weather, or not

But here, not a cloud in the sky.

Just a lilac hedge and apple blossom.

I’ve been hearing about the Cloud Appreciation Society recently and, having read an article in today’s paper about it, have looked up the website, excuse me putting a proper link, I might get around to it later), and I look forward to a spare half hour to browse through the Clouds That Look Like Things and the Cloud of the Month. Apparently cloudspotters prefer to be called nephologists or, more informally, nimbomaniacs, both of which are just asking to be misunderstood, a fact that I’m sure is not lost on the members of the society, which does not seem to take itself too seriously. The founder, Gavin Pretor-Pinney, says that clouds are the most “egalitarian of all of nature’s works” which invites the response “Huh?” Isn’t all weather pretty egalitarian?” A view only partially refuted by ‘the rain, it raineth on the just and also on the unjust fella, but more on just than unjust for the unjust hath the just’s umbrella.’

British people love British weather. It’s always good for a grumble. There was a lot of comment, a few years ago, on the fact that Inuits or Icelanders (sorry again about the lack of research, it’s Sunday and I’ve relaxed) have a surprisingly large numbers of words for snow. We have far more than that (whatever it is) for rain. Any Brit knows exactly what is meant by drizzle, pouring, cloudburst, showery, teeming, pelting. We have figures of speech: raining cats and dogs, pissing down, bucketing down (a subtle difference between them), fine weather for ducks. Nowadays, it doesn’t rain enough, on the whole. So, when the sun has shone for more than a day or two, we can say, gloomily, “well, the farmers need the rain” or “this’ll end in a thunderstorm, mark my words.”

We love sunshine on holiday. But hot weather, when we have to work, soon makes us ratty. We long for an end to a hot spell, although we want the sun to shine at weekends. We really want rain every night and sun every day, but with a pleasantly refreshing breeze, because we call anything over 21 degrees celsius ‘unbearably hot.’ British weather can be lovely, but it is unpredictable, especially on holiday weekends. We have fewer Bank Holidays than any other country in Europe, and several of them are strangely grouped within a few weeks. Between Easter, which can be any time between late March and late April, but is usually within the middle fortnight of April, and the end of May, there are four Bank Holidays. Since this is also the time schools are trying hard to cram the last nuggets of knowledge into exam-takers heads, they really want all the time they can get, but hey, I like the Spring and enjoy those leisurely Sundays, knowing that Monday will also be a day to relax.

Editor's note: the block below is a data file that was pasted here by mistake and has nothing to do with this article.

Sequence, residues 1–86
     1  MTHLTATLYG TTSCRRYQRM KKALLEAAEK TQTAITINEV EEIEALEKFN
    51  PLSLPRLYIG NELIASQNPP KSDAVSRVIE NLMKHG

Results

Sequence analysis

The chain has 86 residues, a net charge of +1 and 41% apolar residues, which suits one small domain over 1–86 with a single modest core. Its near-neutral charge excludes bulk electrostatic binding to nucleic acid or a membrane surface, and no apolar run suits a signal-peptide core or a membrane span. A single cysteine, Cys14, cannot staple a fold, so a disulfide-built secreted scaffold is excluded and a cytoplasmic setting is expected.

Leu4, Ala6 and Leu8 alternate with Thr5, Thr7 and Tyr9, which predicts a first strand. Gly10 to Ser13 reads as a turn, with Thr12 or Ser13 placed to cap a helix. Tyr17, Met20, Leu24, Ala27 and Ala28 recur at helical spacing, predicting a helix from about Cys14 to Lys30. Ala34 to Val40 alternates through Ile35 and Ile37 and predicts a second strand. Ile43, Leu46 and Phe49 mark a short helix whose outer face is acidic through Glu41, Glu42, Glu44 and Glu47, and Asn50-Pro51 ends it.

LATER —- And another thing, we are bilingual in temperature. Cold weather is referred to in Celsius – minus 4 last night, brrr. Hot weather is Farenheit – ‘England’s Sizzling in the Seventies!’ proclaim the hopeful headlines.

2 comments on “weather, or not

  1. Benedict S.

    I’m here on the watershed side of the Blue Ridge in the west of Virginia. Those shades of rain that bless your country … we get them all in one day — when it rains. Today started sunny, rained drizzlym then sun again, now steady straightline spears spearing and threatening to become a deluge. Good for the ducks, especially those that farm their own gruel.

  2. Z

    Are you sure you don’t live in England, Benedict, somewhere near the Pennines? Or even right here; yesterday started as summer and we were having power cuts from the lightning by lunchtime.

    But do you talk about the weather all the time as we do, that’s what really marks us out as British – though we will be happy to become honorary Virginians.


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